Political Arguments Against a No-Fly Zone

Perhaps more important than the military arguments against the imposition of an NFZ over Ukraine are the political arguments. There are three main considerations that should caution Western leaders against taking such a step.

The first is that the limited military effectiveness and undoubted emotional satisfaction which could be gained through an NFZ effort by a coalition of willing Western states would be more than offset in the medium term by the geopolitical fracturing effect it would have. So far, the response from Western countries (including those who are not in NATO such as Finland, Sweden and Switzerland) to Russia’s overt and unprovoked military aggression has been extraordinarily rapid, well-coordinated and unified. The unprecedented sanctions imposed on Russia have already forced the Kremlin to impose currency controls, halted trading of the ruble, and left the country cut off from most global travel and trade mechanisms. The US and UK have banned Russian oil and gas imports, while European countries have committed to ending their long-term reliance on Russian fossil fuel exports – a policy which will cut off the lifeblood of the Russian economy. Western countries have also moved extremely rapidly to supply Ukraine with large quantities of military, financial and humanitarian aid, including large numbers of anti-tank weapons and MANPADS. Many other countries around the world have joined in condemning Russian aggression, and support from Russia’s key partner, China, has been muted at best. This unified response could easily be shattered by a direct military intervention by NATO member states, even if it was organised under the auspices of a ‘coalition of the willing’.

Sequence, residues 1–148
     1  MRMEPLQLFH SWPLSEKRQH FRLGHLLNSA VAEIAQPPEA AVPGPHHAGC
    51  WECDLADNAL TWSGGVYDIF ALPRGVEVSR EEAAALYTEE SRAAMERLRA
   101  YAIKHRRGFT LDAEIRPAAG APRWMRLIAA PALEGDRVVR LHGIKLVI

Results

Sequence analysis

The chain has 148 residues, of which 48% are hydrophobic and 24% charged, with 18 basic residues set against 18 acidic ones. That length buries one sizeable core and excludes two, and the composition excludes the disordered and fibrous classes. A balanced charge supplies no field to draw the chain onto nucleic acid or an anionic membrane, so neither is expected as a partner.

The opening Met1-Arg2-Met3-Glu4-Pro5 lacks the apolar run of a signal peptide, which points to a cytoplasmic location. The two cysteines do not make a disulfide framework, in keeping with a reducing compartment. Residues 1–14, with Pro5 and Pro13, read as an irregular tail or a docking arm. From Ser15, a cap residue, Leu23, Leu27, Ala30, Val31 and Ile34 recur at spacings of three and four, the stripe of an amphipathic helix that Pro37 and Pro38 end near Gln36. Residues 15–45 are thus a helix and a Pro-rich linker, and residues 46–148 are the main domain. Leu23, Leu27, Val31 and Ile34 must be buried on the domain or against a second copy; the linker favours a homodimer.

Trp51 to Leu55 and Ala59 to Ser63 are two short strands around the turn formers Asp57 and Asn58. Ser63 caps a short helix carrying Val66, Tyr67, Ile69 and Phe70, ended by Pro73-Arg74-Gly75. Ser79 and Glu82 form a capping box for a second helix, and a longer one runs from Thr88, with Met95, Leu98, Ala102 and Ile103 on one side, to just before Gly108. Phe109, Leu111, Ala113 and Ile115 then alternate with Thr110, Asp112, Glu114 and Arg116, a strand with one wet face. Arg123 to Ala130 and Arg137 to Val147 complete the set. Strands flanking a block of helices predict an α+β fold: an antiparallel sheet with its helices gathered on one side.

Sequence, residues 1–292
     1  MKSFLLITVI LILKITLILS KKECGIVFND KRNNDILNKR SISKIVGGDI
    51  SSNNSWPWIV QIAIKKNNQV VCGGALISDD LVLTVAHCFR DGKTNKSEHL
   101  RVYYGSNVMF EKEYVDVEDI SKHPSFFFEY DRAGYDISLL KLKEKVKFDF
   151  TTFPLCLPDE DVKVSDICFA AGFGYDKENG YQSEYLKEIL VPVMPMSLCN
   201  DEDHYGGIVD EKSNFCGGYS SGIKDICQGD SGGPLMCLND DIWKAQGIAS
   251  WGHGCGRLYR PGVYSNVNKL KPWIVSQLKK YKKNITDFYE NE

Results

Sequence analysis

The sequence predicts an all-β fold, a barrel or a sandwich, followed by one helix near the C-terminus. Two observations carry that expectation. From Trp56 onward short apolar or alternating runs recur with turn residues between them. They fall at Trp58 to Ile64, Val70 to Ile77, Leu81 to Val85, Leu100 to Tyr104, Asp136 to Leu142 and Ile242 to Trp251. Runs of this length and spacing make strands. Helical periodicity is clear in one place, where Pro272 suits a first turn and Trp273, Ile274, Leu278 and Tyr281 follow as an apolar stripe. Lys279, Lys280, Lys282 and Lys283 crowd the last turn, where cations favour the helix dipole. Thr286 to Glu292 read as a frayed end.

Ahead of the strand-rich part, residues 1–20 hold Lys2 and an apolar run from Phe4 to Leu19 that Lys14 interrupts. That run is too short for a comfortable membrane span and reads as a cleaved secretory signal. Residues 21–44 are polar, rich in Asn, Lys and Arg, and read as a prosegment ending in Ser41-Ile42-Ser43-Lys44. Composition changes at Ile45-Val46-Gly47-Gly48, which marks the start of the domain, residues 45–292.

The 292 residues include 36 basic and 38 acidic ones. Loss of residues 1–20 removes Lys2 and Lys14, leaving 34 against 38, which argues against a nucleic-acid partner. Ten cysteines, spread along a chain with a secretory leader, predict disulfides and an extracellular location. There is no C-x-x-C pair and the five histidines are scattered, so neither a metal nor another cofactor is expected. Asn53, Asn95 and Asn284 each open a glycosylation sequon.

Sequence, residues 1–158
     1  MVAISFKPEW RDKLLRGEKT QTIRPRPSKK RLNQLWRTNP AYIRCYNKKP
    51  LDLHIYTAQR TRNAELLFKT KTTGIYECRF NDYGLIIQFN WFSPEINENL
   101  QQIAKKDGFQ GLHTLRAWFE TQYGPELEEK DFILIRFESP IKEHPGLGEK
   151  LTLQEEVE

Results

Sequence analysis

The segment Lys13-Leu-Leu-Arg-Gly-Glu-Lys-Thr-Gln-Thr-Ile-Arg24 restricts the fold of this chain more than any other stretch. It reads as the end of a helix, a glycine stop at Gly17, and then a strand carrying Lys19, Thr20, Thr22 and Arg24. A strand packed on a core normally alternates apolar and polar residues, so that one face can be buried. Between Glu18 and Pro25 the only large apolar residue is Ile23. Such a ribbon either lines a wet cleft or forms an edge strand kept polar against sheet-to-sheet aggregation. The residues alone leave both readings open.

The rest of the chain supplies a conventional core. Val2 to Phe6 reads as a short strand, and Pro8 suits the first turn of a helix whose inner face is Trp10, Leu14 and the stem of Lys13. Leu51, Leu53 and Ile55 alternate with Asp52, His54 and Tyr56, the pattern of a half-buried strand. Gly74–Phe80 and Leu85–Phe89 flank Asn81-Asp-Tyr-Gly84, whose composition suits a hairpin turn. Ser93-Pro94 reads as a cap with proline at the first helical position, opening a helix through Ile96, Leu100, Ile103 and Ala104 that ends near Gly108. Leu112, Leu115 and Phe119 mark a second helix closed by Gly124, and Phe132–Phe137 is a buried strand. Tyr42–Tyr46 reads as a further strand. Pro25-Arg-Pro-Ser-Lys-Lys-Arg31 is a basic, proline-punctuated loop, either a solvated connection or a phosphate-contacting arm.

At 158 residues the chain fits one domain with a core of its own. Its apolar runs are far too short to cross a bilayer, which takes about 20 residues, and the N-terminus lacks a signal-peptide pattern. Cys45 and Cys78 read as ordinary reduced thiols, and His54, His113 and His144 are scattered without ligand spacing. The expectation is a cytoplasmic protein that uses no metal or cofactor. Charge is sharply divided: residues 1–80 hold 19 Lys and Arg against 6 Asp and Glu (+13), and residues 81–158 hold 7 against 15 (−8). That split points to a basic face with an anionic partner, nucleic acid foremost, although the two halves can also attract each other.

An official UN-sanctioned NFZ would require a Chapter VII Resolution, which can only be authorised by the UN Security Council. Since Russia and China are both permanent members with veto power, this would be impossible to achieve. Even if a tentative mandate were claimed under Article 51, much of the world would perceive an NFZ as a US-led military intervention – for without US enablers and combat power any NFZ would be impossible to impose – that threatened a global war. Even NATO and EU member states such as Germany and Finland, which have so far stood firmly behind efforts to isolate Russia and arm the Ukrainian resistance, would likely baulk at such a move. This would provide Russia with a diplomatic opening to paint NFZ participants as aggressive and irresponsible, and potentially undermine sanctions implementation and enforcement.

A no-fly zone would be a gift to Putin's chances of political survival and Russia's ability to continue the war in the face of self-imposed disaster